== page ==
I rarely contribute to class discussion .72 .591 .
870

In general, I participate actively in class 1.0
0
.341
Number of Friends Students have on SNSs
I have a lot of friends on my favorite social
networking site
.94 .478
In general I often spend time on Facebook or the
like
.60 .702
Number of Posts
I like posting pictures .75 .633
I post comments on friend’s profile page
frequently
.72 .613
I often post information e.g breaking news for
others to read
.73 .595 .
705
I often receive comments about my status
messages from friends
.88 .491
I rarely update my wall post .61 .672 .
766

The extracted constructs; “I often post information e.g
breaking news for others to read (IPInfoR)”, “I always spend a
lot of time on Facebook or the like (NewAlotTimeSNS)”, “I
am motivated to be successful in class (NewIMotClass)”, “I
rarely contribute to class discussion (NewIRareContClass)”,
and “I rarely update my wall post (NewrevIUWallPost)” had
mean values of 0.75, 0.40, 0.96, 0.72 and 0.61and loading
factors of 0.654, 0.751, 0.870, 0.705,and 0.766 respectively.
They accounted for 53.217% of the total variance explained by
the thirteen (13) constructs, with Eigenvalues of 1.962, 1.454,
1.222, 1.167 and 1.114 also respectively. This indicated that
these five factors computed together were sufficient to
represent the variable social networking usage. The group of
participants who agreed to the statements is those who are
heavy users while those who disagreed were regarded as low
users.

Table 4.11 shows that 56% of the participants were relatively low users of social networking sites while about 42% were heavy
users.

TABLE 4.11: FREQUENCY DISTRIBUTION OF SOCIAL NETWORKING USAGE OF STUDENTS

Social Networking Usage n=230 Valid Percent
Valid Low Users 121 56.0
Heavy Users 91 42.1
Undecided 4 1.9
Total 216 100.0
Missi
ng
System 14
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4.2 Test of Hypotheses
The result of the regression analysis carried out to test the
hypotheses. Variables with multiple constructs were computed
into one new variable and the newly computed variable was
used to carry out further analysis. The table below presents the
summary of the results using hypothesis derived from specific
objectives of these study.

TABLE 4.18: SUMMARY OF VALUES

Variables Beta Significa
nt Values
Decisio
n
Time spent on SNSs will not influence Academic Scores 0.042 0.54 Do not
reject
Students’ Participation in Class will not influence their Academic
Performance
0.054 0.430 Do not
reject
Number of Friends that Students have on SNSs, will not Influence
Time Spent on SNSs
0.145 0.030 Reject
Posts on SNSs will not influence Students’ Participation in Class 0.03 0.668 Do not
reject
Demographic characteristics will not influence Academic
Performance of Students who use SNSs.

Age 0.095 0.337 Do not
reject
Gender (SEX) -0.049 0.474
School Type 0.101 0.161
Class in School 0.030 0.678
The summary table above shows that only hypothesis three
was rejected of all the hypotheses tested. Negative and positive
relationship exists between the variables in hypothesis two with
strong significant values. Hypothesis five has a negative
relationship between its variables.
The table shown below gives the outcome of the broad
objective of this study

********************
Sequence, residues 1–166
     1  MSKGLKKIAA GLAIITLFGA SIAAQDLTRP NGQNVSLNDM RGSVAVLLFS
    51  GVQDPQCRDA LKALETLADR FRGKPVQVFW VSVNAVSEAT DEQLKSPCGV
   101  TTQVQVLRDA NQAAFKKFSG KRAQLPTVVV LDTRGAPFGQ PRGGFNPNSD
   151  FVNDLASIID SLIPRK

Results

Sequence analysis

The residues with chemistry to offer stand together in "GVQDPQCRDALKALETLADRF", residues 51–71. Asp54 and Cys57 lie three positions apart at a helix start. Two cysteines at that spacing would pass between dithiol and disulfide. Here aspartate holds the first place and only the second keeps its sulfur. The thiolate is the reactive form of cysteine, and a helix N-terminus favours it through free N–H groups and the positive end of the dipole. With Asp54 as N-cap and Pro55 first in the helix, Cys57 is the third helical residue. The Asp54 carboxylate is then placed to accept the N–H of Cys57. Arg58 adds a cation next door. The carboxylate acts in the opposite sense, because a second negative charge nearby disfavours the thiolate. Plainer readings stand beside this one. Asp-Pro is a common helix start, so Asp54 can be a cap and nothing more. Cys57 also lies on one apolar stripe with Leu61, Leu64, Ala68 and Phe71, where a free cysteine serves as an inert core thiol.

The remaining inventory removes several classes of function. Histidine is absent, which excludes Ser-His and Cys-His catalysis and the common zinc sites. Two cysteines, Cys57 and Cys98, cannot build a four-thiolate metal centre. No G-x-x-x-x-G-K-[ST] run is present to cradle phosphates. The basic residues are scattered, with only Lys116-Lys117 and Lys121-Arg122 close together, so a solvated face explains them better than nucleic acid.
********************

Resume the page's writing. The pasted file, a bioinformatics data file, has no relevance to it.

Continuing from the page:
TABLE 4.17: INFLUENCE OF SOCIAL NETWORKING USE ON ACADEMIC SCORES






Adjusted R Square = 0.006

Table 4.17 shows that only 0.6% of the variation in average
academic scores can be explained by differences in the use of
social networking(Adjusted R Square = 0.006) with negative
relationship (-0.080). At p>0.05, the result shows negative and
significant slope (B = -0.133, p<0.050) with academic
performance. This meant that for every unit increase in use of
social networking, there was a 13.3% decrease in academic
score. The null hypothesis was rejected at (p<0.05). Therefore,
the use of social networking was a significant predictor of
average academic performance of secondary school students.

VI. DISCUSSION OF FINDINGS
The purpose of this study has been to determine the use of
social networking among secondary school students with
implication for their academic performance in Mathematics
and English. This section presents the discussion of findings of
this study.
4.4.1 Time Spent on SNSs and Academic Performance
This study found that time spent on SNSs do not
significantly influence academic performance of secondary
school students (as adjudged by their average scores in
Mathematics and English). This finding is, in a way, consistent
with those of Ogedebe, Emmanuel,& Musa (2012) that there is
a very weak correlation between the two variables rejecting the
hypothesis that the more time a student spends on facebook,
the lower his or her grade point average will be.However, this
finding contradicts Tella (2007) which indicated that there was
correlation between time and internet use. The result
demonstrated that use of internet contributes immensely to
academic performances of students. It was revealed that the
majority of respondents in his study access the internet
between 1-5 hours per week with the purpose of retaining
course-related information. Also, unlike the result of study
conducted by Junco (2011), who found that time spent on
Facebook was strongly and significantly negatively related to
overall GPA, there was a significant positive slope in this
study.
4.4.2 Students’ Participation in Class and Academic
Performance
This study found that participation in class by students is
not a significant predictor of their average academic
performance (in Mathematics and English). These imply that
student spends time carefully on SNSs with consciousness of
S
/N
Independent Variable Average academic score
B Beta Sig.
1 Social networking usage -0.133 -0.080 0.000
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the fact that class participation is much more important. They
may be on SNSs during class, but they are still able to pay
attention and participate. This also supported Ogedebe,
Emmanuel& Musa (2012) that students are used to constantly
being connected to social media that they are not completely